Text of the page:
Representative Mullin’s #BorderBeard a cartoonish form of protest

Rep. Markwayne Mullin’s #BorderBeard lacks impact as political protest and seems like a plea for attention.

Oklahoma Congressional representative Markwayne Mullin is getting attention from his promise to grow out his beard until the federal government solidifies plans to build the wall along the border between the United States and Mexico. Representative Mullin explained, “This is my border beard,” in a video posted to Twitter. “I’m not going to shave it until we secure our border. That doesn’t mean I’m not going to trim it. It just means I’m not going to shave it off.”

I feel that refusing to shave a beard is less a political statement and more like an act of defiance toward one’s significant other if he or she does not like beards. Unless, of course, Representative Mullin is channeling his inner Russian citizen during the reign of Peter the Great, who instituted a beard tax on his citizens in an attempt to make Russia more similar to the beardless Western Europeans during that era.

Critics believe that Representative Mullin is not making an impactful statement in not shaving his beard. Ginnie Graham of the Tulsa World stated that such a gesture does not matter to those who went without pay for the duration of the government shutdown, such as TSA and national park workers. She also mentions the fact that women cannot perform similar displays of their political opinions. However, some women who participated in #JanuHairy, wherein they showed off their unshaven bodies, added their actions to the support for Representative Mullin’s #BorderBeard.

Some responders over social media liken the beard to a metaphor for hiding something else. This goes along with the common belief among Americans that the federal government is not transparent with citizens. Those who oppose Representative Mullin certainly do not view this gesture as it was intended. Others point out that there are much more pressing issues to focus on than a border wall.

Is it me or does this situation sound like Agnes from “Despicable Me” when she tried to hold her breath until Gru gave into what she wanted? Kids seem to do things like this quite often or throw temper tantrums. But as we have seen over the past few years, the line between the behavior of adults and that of toddlers is beginning to blur among those in the United States government. Anderson Cooper accused Trump of behaving like a five-year-old during his campaign when Trump claimed that he did not start the conflict between himself and Ted Cruz’s wife, as if that justified his continuation of the fight. People from other countries are left wondering what is going on in the United States, when they are not laughing about it, that is. Maybe we should laugh too.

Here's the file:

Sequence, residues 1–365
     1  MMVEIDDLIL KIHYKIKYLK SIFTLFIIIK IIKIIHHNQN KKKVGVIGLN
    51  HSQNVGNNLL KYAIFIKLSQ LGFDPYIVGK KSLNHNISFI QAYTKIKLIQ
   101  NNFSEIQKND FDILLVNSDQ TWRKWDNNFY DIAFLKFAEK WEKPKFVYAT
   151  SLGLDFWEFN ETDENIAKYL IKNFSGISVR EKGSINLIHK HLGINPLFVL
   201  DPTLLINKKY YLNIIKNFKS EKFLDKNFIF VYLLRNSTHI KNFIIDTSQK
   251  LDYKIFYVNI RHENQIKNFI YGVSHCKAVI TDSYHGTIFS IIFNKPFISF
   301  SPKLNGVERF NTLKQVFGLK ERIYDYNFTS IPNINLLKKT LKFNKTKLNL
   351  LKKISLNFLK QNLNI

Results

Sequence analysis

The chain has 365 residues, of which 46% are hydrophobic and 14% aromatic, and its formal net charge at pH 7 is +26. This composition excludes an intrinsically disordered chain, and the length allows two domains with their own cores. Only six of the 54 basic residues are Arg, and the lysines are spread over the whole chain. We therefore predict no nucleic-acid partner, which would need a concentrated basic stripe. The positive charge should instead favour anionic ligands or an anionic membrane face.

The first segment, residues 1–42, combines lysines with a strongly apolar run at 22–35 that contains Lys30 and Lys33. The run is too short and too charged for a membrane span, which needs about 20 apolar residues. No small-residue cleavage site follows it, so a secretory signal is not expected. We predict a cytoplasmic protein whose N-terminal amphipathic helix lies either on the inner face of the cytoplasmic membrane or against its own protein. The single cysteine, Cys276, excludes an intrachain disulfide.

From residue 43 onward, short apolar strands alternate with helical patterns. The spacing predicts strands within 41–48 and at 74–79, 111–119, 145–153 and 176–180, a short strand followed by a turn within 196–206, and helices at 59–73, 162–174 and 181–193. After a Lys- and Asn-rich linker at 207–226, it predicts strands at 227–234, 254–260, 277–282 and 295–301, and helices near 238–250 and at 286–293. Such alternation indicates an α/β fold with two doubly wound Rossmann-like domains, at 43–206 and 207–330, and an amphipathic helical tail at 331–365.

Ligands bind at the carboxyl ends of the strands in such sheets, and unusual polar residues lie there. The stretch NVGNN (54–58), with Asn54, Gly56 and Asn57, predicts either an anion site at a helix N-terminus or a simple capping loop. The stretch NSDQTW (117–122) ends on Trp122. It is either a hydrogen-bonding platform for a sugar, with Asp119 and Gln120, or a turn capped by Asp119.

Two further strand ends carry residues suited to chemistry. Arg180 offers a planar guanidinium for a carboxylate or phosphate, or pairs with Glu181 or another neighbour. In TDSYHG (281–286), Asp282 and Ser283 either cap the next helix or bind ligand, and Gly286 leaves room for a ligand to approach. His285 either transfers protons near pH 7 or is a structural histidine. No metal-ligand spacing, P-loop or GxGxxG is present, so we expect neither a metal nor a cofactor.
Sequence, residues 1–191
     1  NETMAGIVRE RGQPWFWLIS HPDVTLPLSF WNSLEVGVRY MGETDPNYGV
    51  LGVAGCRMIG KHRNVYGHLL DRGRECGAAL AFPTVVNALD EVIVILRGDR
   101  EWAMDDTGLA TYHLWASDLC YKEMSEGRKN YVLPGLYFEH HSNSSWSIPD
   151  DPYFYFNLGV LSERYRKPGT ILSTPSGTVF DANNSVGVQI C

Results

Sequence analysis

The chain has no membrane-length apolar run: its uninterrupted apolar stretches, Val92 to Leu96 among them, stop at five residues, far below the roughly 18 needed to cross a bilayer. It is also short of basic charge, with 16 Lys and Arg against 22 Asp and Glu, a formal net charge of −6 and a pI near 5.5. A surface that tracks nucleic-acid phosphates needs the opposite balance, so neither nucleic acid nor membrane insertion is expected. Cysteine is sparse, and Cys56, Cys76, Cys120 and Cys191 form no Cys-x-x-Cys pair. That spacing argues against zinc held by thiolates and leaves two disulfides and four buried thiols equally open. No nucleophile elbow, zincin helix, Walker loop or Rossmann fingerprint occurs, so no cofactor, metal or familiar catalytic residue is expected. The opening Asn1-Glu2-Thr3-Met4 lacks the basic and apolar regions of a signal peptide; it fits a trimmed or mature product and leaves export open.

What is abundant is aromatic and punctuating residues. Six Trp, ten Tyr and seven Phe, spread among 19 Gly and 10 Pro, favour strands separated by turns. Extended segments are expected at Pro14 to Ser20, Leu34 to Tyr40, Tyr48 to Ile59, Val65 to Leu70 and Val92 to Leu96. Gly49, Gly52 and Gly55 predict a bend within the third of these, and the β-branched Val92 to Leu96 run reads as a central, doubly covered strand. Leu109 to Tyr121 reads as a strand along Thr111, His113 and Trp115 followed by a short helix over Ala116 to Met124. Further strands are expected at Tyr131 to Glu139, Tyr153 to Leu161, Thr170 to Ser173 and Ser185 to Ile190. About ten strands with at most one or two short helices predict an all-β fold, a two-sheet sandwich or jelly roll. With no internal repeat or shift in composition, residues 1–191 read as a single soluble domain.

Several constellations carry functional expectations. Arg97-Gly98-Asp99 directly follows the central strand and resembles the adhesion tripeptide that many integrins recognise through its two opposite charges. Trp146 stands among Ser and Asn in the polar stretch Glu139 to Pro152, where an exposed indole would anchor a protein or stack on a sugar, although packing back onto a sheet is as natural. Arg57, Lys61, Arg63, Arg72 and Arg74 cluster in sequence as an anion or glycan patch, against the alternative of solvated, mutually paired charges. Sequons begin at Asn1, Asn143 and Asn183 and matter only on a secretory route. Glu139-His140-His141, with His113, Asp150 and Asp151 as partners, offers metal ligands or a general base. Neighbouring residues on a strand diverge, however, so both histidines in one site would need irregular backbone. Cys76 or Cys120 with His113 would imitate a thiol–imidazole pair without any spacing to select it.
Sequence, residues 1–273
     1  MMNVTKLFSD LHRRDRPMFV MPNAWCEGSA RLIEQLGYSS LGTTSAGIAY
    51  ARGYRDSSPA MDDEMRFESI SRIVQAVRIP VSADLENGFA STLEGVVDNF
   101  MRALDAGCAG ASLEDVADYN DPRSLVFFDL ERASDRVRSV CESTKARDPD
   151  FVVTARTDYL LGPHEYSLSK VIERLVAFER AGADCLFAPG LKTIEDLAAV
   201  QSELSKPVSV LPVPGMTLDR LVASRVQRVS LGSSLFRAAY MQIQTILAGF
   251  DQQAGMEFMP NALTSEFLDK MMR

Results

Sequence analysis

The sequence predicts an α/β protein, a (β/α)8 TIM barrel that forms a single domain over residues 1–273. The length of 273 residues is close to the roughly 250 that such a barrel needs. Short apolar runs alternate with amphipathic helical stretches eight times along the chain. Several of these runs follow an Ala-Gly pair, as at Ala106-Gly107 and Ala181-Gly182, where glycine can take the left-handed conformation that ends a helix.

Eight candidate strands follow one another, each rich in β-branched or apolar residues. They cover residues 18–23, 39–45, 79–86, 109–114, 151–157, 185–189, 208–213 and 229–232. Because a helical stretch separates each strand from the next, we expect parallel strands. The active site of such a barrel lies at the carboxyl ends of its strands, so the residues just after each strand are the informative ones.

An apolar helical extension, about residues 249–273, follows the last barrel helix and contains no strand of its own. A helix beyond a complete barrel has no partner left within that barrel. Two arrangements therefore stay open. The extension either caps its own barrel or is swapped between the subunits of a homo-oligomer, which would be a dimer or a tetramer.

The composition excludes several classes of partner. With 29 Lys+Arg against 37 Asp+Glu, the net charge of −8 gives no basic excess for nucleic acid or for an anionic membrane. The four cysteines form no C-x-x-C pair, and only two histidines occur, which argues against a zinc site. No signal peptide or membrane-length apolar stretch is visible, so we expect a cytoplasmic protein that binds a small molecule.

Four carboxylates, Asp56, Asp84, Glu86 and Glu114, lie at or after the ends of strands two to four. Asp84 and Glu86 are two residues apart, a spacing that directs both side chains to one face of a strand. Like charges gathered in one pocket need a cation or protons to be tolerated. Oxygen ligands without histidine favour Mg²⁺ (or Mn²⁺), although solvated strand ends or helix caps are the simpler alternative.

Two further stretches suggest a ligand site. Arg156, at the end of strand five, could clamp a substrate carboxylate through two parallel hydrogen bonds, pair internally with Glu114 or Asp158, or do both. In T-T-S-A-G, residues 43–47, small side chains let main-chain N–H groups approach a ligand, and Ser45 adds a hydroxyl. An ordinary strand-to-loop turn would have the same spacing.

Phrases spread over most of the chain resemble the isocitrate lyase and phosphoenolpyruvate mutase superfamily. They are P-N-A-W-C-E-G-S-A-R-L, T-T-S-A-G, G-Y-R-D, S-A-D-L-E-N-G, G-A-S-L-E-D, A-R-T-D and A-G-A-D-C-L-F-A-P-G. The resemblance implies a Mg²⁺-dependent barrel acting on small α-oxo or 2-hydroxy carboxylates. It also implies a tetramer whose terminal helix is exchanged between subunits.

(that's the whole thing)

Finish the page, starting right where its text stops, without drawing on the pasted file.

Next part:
When someone is one of 435 representatives in Congress, it is difficult to make a lasting impression. This could be especially true for those representing smaller states like Oklahoma. Everyone in the federal government would like to be remembered for something. Perhaps that is what Representative Mullin is trying to do. Negative attention is still attention, right?

A beard is a unique way to show your political opinions — but not impactful, as there are no consequences or hardships of having one, save for the extra grooming time. But go big or go home. How about a hunger strike instead? That’s what Graham suggested. Or pull a John Lennon and sit in your bed all day. I’m not a cynic, I swear.

Seeing how long it takes for Congress to make decisions, and how long it will inevitably take to build a wall that spans 1,900 miles, the beard will be here for quite some time. Let’s all get familiar with it. It will probably be the length of Dumbledore’s once this border fiasco ends anyway.

Post Author: Anna Robinson